Wang is quietly chuffed at Buffett's interest in PetroChina, especially since Buffett made the decision largely by perusing the financial reports that Wang and his staff prepared. "Our annual reports contain not just financial but also operating data," he says. "We report production data every quarter and reserves as well, because they are an oil company's most important asset." He knows the importance of information. "I have read several books about Mr. Buffett," says Wang. "He never makes a hasty decision on any investment. He does a lot of research first." The CFO thinks PetroChina's conservative, dividend-paying culture fits well with Buffett's investment philosophy. "We focus on long-term returns. We never chase short-term results."
'"Our annual reports contain not just financial but also operating data," he says. "We report production data every quarter and reserves as well, because they are an oil company's most important asset."'
PTR's reporting is as good as anyone else's in the business, inclduing Exxon and Royal Dutch. Very impressive and they clearly did their home work before putting these reports together. The only drawback, if there is one, is that it is more difficult to get a handle on the quality of non-reserve fixed assets, such as P & E, but they are also apending vast sums on new projects & upgrades.
After reading the reports, I was personally surprised that so many analysts were negative on the company, but I probably shouldn't have been, because their views were almost entirely based on top-down and projections of oil and gas prices and, of course, extremely myopic. The consensus earnings forecast for 2004 is still down. Their views in no way, that I could see, were based on reserves and production per share. The only oil analyst to even begin to trust, IMHO, is Charles Maxwell anyway, who takes a very long-term view, and is very bullish.
ML even put a sell on the shares at $27 or so, based in large part on oil price forecasts, and in part on the theory that when the Chinese market is opened up to competition that PTR would not be able to compete with the supposedly more efficient Exxons and Royal Dutches of the world. However, even if true, China doesn't appear to be type of nation that will allow sudden and intense competition.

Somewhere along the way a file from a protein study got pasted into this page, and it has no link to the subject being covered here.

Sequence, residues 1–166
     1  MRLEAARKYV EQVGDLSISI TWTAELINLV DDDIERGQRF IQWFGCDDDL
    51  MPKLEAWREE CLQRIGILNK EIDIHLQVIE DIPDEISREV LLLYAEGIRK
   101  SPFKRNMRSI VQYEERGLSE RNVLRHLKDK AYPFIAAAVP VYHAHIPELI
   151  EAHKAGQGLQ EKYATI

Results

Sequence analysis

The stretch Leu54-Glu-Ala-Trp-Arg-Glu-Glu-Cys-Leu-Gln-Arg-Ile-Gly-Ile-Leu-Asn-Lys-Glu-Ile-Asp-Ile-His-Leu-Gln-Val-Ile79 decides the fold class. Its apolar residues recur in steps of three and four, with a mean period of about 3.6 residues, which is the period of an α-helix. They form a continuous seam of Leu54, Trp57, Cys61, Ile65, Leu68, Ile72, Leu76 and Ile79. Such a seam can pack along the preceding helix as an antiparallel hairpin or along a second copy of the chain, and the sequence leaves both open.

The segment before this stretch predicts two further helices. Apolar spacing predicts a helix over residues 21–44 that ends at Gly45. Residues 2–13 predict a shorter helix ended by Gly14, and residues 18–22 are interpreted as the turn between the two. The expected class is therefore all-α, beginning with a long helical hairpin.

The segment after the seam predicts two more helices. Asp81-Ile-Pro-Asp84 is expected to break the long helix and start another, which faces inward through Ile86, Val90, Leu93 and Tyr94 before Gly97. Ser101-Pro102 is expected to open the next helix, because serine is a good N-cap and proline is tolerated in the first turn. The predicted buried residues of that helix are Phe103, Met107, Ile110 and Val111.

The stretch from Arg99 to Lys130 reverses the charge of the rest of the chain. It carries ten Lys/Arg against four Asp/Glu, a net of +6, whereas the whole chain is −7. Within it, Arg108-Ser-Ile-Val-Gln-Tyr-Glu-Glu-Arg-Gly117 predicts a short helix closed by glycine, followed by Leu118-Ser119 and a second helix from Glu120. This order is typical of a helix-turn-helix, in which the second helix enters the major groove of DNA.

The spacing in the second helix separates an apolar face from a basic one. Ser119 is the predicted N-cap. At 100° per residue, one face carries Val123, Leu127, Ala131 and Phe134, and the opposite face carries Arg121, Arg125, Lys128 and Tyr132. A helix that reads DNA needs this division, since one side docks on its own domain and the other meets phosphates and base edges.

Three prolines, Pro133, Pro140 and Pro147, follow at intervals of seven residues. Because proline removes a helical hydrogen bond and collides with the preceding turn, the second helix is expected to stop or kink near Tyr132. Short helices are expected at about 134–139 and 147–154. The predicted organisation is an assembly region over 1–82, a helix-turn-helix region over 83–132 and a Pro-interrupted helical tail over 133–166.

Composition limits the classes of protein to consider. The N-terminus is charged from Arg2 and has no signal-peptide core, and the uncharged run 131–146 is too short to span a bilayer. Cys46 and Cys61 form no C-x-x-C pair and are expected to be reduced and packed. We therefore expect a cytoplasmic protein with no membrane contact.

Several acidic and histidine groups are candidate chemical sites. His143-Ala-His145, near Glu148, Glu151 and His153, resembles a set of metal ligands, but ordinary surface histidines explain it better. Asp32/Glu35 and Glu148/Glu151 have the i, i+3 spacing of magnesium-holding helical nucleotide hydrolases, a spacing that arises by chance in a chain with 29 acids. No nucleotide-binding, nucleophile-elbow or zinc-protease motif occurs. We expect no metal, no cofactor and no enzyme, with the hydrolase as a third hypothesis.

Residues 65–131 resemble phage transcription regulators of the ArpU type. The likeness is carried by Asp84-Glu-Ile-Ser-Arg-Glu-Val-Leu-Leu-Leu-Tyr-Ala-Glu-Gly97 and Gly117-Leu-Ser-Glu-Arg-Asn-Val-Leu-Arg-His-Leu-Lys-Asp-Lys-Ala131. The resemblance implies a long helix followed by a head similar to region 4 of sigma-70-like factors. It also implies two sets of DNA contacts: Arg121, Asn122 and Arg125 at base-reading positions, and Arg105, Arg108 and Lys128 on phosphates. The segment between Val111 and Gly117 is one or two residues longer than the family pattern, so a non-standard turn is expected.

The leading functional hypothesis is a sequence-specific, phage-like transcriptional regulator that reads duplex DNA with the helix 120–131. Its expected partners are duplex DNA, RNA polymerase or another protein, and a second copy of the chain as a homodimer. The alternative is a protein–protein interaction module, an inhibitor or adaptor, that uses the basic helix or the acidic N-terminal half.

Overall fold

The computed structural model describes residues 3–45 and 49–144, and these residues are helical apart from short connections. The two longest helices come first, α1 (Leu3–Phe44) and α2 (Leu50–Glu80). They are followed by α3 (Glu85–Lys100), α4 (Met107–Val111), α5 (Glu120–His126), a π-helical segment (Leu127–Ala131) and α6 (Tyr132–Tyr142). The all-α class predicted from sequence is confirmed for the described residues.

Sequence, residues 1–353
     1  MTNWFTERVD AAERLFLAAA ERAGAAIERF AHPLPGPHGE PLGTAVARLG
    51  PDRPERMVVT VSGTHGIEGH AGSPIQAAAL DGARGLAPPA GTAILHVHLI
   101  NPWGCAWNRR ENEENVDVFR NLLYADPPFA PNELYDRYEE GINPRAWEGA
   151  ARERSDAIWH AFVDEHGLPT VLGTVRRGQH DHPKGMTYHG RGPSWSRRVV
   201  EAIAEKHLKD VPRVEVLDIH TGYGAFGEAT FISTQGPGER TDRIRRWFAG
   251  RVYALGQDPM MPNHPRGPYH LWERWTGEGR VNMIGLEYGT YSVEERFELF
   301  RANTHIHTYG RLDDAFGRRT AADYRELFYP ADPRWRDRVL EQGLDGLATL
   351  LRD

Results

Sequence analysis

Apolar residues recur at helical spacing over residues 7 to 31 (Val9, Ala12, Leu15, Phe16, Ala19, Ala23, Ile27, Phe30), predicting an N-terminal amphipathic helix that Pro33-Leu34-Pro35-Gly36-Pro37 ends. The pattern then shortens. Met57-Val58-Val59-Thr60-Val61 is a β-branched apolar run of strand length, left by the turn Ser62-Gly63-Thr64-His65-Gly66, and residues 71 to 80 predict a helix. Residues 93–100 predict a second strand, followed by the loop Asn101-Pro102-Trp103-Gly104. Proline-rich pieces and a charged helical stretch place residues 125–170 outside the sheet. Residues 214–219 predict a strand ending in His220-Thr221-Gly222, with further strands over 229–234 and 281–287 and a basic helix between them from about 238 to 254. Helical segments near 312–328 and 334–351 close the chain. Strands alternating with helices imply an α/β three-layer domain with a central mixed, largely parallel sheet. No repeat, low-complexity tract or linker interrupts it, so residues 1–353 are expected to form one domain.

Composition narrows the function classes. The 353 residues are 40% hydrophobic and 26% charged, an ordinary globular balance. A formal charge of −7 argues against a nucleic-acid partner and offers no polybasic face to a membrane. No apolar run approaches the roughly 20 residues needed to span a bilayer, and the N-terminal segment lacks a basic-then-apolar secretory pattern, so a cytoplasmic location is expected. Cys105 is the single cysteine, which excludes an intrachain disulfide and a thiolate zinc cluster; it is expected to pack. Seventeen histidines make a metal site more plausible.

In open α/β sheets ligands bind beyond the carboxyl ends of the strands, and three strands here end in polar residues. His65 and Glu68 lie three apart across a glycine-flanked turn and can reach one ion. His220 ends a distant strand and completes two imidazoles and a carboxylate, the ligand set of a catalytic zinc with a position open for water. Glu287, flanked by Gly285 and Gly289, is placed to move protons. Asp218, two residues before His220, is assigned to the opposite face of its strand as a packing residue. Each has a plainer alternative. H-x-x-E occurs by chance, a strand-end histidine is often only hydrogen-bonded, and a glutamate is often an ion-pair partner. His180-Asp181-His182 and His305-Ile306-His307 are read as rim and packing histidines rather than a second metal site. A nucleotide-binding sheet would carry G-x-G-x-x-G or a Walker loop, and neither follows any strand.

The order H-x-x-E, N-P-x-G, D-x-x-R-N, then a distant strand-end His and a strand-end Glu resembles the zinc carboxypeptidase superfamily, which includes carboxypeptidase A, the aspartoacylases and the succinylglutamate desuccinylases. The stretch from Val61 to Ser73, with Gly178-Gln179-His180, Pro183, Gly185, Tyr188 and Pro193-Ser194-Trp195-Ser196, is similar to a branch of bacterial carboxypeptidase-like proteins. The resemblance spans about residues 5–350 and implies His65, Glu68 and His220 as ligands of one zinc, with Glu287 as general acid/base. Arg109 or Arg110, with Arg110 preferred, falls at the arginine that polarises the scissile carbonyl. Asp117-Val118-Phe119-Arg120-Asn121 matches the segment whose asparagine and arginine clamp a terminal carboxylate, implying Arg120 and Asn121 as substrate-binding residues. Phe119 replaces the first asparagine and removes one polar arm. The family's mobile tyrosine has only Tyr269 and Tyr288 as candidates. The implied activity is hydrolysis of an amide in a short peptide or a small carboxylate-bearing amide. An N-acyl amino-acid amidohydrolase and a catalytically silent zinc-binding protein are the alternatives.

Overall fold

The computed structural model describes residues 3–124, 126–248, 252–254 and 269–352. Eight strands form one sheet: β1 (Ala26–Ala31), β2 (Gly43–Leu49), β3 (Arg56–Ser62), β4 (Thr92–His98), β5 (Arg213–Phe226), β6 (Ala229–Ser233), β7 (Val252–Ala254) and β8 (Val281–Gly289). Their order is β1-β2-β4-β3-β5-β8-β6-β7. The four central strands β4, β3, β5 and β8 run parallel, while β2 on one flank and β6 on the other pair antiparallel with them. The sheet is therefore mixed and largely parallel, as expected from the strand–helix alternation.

One has to keep in mind what we are seeing here is the price in US dollars per share, based on the current fixed exchange rate between the dollar and Chinese currency, which may or may not be reflective of reality.
The Chinese markets will continue to be volatile for quite some time, and influenced by Chinese investors who are mostly gamblers, but this shouldn't cloud one's opinion of the value of a company.
The Chinese markets will continue to be volatile for quite some time, and influenced by Chinese investors who are mostly gamblers, but this shouldn't cloud one's opinion of the value of a company. Mr. Neb.
If one subscribes to this "conventional wisdom" an interesting play has been and continues to be WYNN, as Mr. Wynn will bring LAS VEGAS to Macau and BIG LAS VEGAS to Las Vegas.
Neb, when you said this has the potential to be a homerun, I guess you weren't kidding. I took some half off the table on Wed and will probably live to regret it. I did it simply because I don't want to see nearly 10% of my portfolio in PTR.
Yea i have been very happy with the way warren is spending my part of the Berkshire fortune.
May we all be coming so rich that personally investment of 100M is to small to even waste time thinking about it.